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Motivational speaker talks to Westfield students about making wise choices

February 18, 2011
By S. Alexander Gerould

WESTFIELD – David Kohout knows what teenagers and young adults may be going through during their time in high school.

He’s been picked on, had low grades and experienced abuse at home.

But he was able to persevere and overcome those challenges to become a successful adult.

Kohout, a motivational speaker who founded the organization Talk is Cheap based out of Youngstown, Ohio, recently told his story to high school students at Westfield Academy and Central School. Kohout also spoke at the Lakeshore Assembly of God Church in Westfield.

“His number one hobby is making a difference that will matter and last,” high school principal Ivana Hite told the students prior to the assembly. “David likes to remind every student that they are not an accident, and they are not a mistake.”

With his high school transcript – along with a 1.68 GPA – projected onto a screen behind him, Kohout told the students how classmates would mess with his head in school, how his father would beat him due to stress and how he has taken many things for granted in life.

“I don’t know who you are, but there are probably people sitting here not wanting to be here,” Kohout said. “Some of you in this room don’t have a clue how blessed you are. There’s not a dumb kid in this assembly this morning. There are some foolish choosers, but no dumb kids.”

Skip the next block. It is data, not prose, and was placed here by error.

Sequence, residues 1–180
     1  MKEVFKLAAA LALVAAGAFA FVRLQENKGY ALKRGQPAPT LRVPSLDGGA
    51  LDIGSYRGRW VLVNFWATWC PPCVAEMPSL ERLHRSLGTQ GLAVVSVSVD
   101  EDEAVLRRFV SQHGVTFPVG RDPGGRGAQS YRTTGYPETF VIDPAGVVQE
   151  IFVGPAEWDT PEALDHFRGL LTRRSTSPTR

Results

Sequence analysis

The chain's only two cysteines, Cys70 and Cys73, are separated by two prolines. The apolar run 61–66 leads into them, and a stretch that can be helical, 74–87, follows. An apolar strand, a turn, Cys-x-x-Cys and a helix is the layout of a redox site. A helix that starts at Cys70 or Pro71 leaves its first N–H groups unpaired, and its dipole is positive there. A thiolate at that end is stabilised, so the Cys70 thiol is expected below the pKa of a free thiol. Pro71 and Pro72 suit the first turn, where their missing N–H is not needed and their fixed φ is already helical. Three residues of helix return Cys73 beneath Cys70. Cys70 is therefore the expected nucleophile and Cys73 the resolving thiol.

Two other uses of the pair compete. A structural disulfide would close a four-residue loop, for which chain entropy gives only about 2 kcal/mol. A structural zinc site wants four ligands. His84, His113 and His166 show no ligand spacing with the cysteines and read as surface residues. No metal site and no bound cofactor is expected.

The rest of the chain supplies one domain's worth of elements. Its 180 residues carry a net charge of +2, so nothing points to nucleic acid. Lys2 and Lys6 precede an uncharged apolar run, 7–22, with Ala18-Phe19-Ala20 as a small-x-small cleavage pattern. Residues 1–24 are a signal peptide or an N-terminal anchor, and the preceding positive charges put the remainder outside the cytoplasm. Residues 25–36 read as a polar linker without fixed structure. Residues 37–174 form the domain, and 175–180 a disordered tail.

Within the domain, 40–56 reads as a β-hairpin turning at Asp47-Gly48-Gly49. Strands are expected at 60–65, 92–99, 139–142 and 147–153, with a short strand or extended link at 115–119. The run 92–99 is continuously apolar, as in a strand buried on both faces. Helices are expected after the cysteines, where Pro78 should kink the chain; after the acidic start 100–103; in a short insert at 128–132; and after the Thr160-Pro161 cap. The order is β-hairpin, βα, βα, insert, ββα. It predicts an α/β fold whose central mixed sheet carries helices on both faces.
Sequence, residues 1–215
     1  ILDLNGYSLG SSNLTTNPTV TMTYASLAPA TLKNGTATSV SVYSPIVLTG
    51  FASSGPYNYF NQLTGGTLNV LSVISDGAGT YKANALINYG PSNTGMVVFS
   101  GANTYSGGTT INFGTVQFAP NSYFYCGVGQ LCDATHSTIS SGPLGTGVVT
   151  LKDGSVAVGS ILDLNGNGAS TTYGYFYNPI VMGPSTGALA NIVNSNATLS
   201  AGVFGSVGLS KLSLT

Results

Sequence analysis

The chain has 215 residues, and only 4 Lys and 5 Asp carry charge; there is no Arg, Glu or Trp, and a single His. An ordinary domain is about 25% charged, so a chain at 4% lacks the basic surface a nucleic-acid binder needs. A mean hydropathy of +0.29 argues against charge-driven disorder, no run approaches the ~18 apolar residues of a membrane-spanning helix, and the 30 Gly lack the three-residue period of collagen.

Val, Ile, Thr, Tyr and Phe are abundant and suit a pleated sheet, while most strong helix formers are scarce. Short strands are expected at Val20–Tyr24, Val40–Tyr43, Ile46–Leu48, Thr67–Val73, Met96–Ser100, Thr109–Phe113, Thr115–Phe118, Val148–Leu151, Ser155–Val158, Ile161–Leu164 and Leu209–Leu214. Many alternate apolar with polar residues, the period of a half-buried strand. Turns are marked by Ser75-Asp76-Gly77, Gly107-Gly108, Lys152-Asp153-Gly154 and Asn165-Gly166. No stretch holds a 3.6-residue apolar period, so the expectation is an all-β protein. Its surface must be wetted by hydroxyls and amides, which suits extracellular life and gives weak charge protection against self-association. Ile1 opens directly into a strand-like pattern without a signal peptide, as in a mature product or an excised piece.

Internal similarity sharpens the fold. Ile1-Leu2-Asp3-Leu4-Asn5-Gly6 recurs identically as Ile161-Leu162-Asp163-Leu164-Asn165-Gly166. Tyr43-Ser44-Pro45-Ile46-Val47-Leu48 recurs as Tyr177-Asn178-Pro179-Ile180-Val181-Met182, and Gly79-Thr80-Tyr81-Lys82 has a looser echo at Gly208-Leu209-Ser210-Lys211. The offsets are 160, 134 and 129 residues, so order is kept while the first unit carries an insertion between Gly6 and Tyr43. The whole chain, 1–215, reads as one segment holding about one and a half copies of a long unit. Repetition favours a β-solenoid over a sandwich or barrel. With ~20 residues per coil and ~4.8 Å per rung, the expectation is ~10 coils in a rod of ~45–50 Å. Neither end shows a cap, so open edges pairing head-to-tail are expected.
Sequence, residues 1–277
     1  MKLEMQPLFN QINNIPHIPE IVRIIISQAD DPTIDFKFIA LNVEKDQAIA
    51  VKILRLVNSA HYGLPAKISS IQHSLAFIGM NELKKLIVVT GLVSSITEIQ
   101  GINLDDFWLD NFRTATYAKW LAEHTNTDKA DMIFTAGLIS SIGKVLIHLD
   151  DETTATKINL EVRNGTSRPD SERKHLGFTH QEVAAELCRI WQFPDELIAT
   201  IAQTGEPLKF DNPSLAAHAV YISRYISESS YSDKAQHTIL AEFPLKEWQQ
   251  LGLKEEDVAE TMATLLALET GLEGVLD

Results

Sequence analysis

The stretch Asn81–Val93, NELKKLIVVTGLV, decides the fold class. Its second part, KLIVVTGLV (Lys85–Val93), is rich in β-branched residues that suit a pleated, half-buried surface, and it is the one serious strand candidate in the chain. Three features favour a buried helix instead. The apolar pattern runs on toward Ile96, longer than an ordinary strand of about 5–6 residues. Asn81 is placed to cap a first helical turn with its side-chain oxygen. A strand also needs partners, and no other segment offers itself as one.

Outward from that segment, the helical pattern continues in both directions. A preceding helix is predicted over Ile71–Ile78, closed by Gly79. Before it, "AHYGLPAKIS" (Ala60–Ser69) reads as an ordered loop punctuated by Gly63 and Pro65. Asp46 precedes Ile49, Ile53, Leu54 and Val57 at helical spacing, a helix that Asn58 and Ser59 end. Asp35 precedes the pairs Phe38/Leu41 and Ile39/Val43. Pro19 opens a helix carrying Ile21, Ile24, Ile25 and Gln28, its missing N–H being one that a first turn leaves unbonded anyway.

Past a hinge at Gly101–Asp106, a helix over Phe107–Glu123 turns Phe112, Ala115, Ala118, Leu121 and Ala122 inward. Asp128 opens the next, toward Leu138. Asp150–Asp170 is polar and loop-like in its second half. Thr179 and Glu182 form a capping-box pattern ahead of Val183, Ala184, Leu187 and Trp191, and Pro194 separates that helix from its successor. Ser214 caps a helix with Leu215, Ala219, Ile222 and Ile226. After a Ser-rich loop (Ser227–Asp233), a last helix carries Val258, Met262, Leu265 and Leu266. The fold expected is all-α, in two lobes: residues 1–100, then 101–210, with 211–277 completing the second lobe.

Kohout said life comes with risk, and he told the students they had no idea if someone sitting in the school’s auditorium could be the person who cures cancer. He also urged the students not to quite even if the challenges seemed too daunting to overcome.

“You better be careful how you treat people because we reap what we sow,” Kohout said. “The difference between better and bitter is one letter – ‘I.’ I choose to be better.”

Kohout said the spirit of apathy has grown larger than ever, adding children, teenagers and adults watch murders and death on television on now think nothing of it and have no response to what they witnessed. He also urged the students to practice making good choices which will positively impact their lives.

“Practice does not make perfect,” Kohout said, “practice makes permanent.”

To close his presentation, Kohout talked about a teen he knew while he was involved with his church’s youth group. He said he didn’t particularly care for the teen, and told how he would break a number of rules.

The teen later developed cancer, and Kohout told the assembly about how the teen’s best friend shaved his head so his friend wouldn’t feel left out. Then, when talking to the teen after finding out the individual only had a few days to live, Kohout said he was struck by a piece of advice the young man had for him: you never know who someone is going to be.

It was then, Kohout said, that he realized even people he may not particularly care for have great potential.

“You never know who that kid you ignore may be,” Kohout said.

Kohout urged the students not to quit.

“You’re not a mistake. You have value,” he said. “Some of you are making stupid choices. I’m asking you to reconsider.”

Article Photos

David Kohout, a motivational speaker from Youngstown, Ohio, speaks to high school students at Westfield Academy and Central School.



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